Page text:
Nick Love spent a good six years developing the project so it's his baby. Nick's a rather controversial director in the UK. Mainly because of his four collaborations with actor Danny Dyer. Dyer & Love seem to both be love them or hate them people in the UK. But I've always been fond of Love's work. Having made the definitive football hooligan film “The Football Factory” and making some very solid crime films The Business & the Sean Bean vehicle “Outlaw”. The only time Love ever really messed up in my book is when he decided to remake the classic Alan Clarke film “The Firm”. That's a discussion for another time though.

The Sweeney sadly despite being such a passion project for Love is rather dull. It's your typical Cockney cops and robbers thrillers that's lacking in the thrills department. The film features a huge shoot out in Trafalgar Square. The scene echoes the famous botched bank robbery shootout from Michael Mann's Heat but it lacks all the excitement. Clip after clip of ammunition was spent as the Sweeney fire at the robbers and the robbers fire back. For some reason not a single person took a bullet in the scene. It felt like I was watching Edgar Wrights Hot Fuzz or a bad episode of the A-team.

The film does feature a somewhat exciting car chase near the end. But it comes to late and can't make up for a lackluster action thriller. The screenplay was incredibly cliché and by the books and the characters were pretty much 1 dimensional archetypes which we've seen in better movies. Even the direction itself is kind of drab. Instead of going the gritty route Love shot the film in an ultra modern way. The film has a very sleek & polished chrome look to it. We also get one to many birds eye view helicopter shots of London. Someone's been watching a lot of Michael Mann films...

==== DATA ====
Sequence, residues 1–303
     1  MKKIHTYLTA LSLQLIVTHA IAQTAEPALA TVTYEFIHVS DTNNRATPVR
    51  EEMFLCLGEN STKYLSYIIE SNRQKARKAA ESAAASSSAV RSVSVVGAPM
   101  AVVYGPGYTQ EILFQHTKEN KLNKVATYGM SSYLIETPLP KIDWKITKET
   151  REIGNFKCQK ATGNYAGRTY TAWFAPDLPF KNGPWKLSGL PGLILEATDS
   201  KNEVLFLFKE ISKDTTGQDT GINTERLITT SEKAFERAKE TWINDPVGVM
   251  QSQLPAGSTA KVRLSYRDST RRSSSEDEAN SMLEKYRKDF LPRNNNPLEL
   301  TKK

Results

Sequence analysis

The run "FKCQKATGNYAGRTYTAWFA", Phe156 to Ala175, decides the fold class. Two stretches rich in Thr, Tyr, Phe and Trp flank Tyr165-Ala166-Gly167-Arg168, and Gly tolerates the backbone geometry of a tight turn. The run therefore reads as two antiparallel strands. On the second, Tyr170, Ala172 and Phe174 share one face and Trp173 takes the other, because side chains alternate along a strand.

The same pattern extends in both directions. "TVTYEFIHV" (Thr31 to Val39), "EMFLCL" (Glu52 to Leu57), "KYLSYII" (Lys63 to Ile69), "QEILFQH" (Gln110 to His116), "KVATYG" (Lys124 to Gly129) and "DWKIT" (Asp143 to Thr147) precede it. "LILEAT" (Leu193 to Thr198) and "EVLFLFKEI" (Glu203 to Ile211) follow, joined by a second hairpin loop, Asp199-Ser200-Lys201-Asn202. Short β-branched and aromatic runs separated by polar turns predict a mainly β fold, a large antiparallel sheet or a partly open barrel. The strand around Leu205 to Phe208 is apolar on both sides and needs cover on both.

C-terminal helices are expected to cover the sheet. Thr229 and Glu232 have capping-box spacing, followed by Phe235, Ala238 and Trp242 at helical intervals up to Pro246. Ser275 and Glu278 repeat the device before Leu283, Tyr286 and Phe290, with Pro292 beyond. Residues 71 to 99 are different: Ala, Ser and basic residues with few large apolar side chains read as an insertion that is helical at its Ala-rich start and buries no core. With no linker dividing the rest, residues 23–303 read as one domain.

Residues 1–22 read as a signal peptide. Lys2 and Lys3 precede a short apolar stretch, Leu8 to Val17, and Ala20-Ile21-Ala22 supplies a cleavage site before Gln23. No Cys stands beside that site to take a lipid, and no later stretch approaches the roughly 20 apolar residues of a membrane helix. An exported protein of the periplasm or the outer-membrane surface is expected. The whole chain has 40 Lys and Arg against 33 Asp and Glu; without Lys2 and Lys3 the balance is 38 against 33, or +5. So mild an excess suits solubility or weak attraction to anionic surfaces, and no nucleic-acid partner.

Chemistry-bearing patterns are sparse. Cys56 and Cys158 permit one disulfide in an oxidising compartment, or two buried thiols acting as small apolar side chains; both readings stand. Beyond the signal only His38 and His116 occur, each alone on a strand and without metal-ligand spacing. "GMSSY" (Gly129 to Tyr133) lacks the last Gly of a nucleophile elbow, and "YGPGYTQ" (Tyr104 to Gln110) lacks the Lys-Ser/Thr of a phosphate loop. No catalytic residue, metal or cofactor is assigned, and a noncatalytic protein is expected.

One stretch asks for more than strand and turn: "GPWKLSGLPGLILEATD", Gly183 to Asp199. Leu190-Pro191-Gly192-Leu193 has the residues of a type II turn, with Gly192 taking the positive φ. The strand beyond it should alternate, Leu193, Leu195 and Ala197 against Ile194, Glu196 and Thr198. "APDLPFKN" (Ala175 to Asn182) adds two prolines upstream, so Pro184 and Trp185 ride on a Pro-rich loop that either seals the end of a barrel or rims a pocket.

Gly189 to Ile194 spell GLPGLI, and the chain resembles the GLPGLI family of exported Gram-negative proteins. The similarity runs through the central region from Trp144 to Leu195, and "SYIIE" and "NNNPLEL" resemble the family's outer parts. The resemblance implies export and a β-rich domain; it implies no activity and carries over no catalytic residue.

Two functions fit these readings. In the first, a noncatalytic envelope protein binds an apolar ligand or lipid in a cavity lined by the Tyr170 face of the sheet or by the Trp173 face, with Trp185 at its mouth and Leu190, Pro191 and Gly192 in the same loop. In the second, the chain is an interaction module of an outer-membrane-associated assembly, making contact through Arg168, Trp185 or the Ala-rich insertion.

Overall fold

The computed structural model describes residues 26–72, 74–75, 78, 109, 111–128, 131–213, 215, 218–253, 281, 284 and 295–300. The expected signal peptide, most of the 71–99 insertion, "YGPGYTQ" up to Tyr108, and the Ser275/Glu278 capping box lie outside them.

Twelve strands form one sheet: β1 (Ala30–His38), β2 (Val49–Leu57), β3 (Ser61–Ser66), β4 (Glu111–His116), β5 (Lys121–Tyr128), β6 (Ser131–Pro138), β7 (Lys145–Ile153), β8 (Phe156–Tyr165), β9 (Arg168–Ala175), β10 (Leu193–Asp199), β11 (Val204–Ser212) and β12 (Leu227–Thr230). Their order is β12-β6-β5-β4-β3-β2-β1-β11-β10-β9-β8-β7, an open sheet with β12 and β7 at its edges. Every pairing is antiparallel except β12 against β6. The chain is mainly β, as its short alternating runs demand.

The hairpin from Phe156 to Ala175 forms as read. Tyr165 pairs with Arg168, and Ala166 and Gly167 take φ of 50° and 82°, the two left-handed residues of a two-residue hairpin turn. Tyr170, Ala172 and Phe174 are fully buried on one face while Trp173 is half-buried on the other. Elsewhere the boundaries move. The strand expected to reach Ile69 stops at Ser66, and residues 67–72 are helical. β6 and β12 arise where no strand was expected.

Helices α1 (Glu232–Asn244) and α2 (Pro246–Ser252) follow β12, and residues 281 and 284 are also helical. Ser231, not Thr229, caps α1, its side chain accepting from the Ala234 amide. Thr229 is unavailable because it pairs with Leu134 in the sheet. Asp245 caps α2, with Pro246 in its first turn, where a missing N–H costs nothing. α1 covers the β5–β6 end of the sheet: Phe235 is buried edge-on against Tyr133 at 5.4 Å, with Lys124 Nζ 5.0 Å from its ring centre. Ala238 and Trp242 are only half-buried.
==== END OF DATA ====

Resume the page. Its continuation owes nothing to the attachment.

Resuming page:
Ray Winstone is always fun to watch but his tough guy act is getting a bit tired by this point. Damien Lewis of “Homeland” fame is completely wasted as Jack's by the books boss. Surprisingly Ben Drew isn't actually half bad in the film. He's nothing special though as he's pretty much is playing his character from the excellent Michael Caine flick “Harry Brown” except this time instead of wearing a hoodie he's got a badge. The true stand out performance comes from Paul Anderson who relishes his scenes. Anderson is a highly underrated British actor. He does the best he can with the tired screenplay and injects some much needed life into it. I urge you to see out the outstanding Brit revenge film “Piggy” to see what the man is truly capable of. He was also extremely effective in Julian Gilbey's “A lonely place to die”. Skip this clunker and check out those two films instead, you can thank me later.